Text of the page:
EarthLink Saves Big Easy From BellSouth

    March 30, 2006
    WebProNews Staff

EarthLink will continue to provide free wireless access in New Orleans by assuming management of the city’s WiFi network and investing some $15 million over three years to improve and build out that network.

It looks like Greg Meffert won’t face jail time after all. The CIO for the city of New Orleans made no mistake in stating how strongly he felt about maintaining availability of the wireless network for citizens, despite rumblings from BellSouth.

WiFiNetNews blogger Glenn Fleishman referenced BellSouth’s recent history of publicly-nice, privately-hostile behavior in his latest blog post. The telecom company, soon to merge with AT&T in a $67 billion deal, wants Meffert to turn off the free wireless Internet access now that the danger of Katrina has passed.

At the core of the issue rests legislation passed by New Orleans legislature, which limits municipalities from offering broadband networks with speeds faster than 144kbps. The network currently active in New Orleans operates at 512kbps, and EarthLink will maintain that when they take over private management of that Internet access.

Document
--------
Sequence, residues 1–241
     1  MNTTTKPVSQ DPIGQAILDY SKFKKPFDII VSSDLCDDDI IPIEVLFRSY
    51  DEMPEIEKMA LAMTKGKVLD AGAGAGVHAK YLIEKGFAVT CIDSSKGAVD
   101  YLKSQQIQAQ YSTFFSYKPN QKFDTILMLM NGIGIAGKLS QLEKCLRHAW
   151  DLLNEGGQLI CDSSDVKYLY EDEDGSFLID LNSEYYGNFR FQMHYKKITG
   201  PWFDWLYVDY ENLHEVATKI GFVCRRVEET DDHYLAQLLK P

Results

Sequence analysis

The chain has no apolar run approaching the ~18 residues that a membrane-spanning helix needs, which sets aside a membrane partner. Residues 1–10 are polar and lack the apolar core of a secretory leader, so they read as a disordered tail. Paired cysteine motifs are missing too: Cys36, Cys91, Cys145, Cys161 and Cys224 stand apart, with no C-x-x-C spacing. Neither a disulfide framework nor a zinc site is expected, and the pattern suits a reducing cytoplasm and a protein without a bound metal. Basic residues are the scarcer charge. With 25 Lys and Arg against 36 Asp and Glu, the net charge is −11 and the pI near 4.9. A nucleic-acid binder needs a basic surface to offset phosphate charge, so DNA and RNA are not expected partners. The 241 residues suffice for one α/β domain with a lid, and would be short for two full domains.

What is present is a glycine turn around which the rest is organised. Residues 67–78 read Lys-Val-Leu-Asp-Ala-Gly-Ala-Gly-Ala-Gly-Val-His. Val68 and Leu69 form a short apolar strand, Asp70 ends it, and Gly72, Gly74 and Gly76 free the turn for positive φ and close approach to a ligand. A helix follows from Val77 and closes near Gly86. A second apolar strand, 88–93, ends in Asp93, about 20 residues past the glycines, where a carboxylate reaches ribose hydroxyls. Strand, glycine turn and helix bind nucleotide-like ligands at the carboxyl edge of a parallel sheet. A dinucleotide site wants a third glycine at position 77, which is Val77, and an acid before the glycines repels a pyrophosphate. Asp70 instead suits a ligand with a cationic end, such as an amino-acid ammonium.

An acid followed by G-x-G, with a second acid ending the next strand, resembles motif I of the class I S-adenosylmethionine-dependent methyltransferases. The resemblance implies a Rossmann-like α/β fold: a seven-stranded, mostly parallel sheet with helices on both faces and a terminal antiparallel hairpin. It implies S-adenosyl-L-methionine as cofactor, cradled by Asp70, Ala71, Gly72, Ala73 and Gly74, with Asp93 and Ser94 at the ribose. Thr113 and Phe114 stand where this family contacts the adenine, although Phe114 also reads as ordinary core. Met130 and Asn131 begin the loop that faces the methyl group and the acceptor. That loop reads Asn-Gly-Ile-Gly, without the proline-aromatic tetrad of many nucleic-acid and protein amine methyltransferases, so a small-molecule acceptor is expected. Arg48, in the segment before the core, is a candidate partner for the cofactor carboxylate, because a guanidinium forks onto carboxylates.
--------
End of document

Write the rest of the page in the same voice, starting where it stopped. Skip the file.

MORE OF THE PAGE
USA Today reported on the offer, which comes on the heels of BellSouth’s requests that Meffert shut down the network:

More than 10,000 people are using the service. Among them: police officers, law firms, restaurants, bars and coffee shops. EarthLink will keep providing the service for free, but plans to sell faster premium services in time.

Jeff Battcher, a BellSouth spokesman, says that his company has spent “tens of millions of dollars” repairing the local network, “which any Wi-Fi network would rely on.”

Fleishman answered Battcher’s comment at length in his post:

BellSouth said that the Wi-Fi networks relies on access that BellSouth spent tens of millions of dollar repairing. Which, in fact, they were obliged to repair under state and federal regulations for incumbent operators that grant a monopoly in exchange for certain kinds of services being universally available or available on a certain basis, so let’s not pretend that this gives them special rights.

The incumbents have fought hard for unregulated broadband, and have won practically every decision they’ve needed. It’s thus doubly irritating to hear them complain that they’re spending money to build services other people use, such as T-1s. If the service is regulated, they are subject to strict tariffs and conditions. If the service is unregulated, they’re competing in the market. In either case, they have to spend that rebuilding money if they want to maintain their rights.

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David Utter is a staff writer for WebProNews covering technology and business.